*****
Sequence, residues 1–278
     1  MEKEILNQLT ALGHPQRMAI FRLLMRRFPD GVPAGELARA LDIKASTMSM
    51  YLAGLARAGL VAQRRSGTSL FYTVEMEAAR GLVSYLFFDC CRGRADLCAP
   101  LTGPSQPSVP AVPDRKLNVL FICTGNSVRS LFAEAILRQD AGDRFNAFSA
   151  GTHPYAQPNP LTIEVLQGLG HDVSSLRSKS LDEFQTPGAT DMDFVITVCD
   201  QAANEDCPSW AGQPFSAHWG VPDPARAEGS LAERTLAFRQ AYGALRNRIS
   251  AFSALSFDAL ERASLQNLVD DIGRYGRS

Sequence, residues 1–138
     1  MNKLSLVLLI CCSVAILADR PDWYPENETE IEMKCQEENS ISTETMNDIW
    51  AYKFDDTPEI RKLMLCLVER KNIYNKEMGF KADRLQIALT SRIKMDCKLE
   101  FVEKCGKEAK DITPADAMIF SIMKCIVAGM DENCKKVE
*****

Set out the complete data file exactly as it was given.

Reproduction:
Sequence, residues 1–278
     1  MEKEILNQLT ALGHPQRMAI FRLLMRRFPD GVPAGELARA LDIKASTMSM
    51  YLAGLARAGL VAQRRSGTSL FYTVEMEAAR GLVSYLFFDC CRGRADLCAP
   101  LTGPSQPSVP AVPDRKLNVL FICTGNSVRS LFAEAILRQD AGDRFNAFSA
   151  GTHPYAQPNP LTIEVLQGLG HDVSSLRSKS LDEFQTPGAT DMDFVITVCD
   201  QAANEDCPSW AGQPFSAHWG VPDPARAEGS LAERTLAFRQ AYGALRNRIS
   251  AFSALSFDAL ERASLQNLVD DIGRYGRS

Sequence, residues 1–138
     1  MNKLSLVLLI CCSVAILADR PDWYPENETE IEMKCQEENS ISTETMNDIW
    51  AYKFDDTPEI RKLMLCLVER KNIYNKEMGF KADRLQIALT SRIKMDCKLE
   101  FVEKCGKEAK DITPADAMIF SIMKCIVAGM DENCKKVE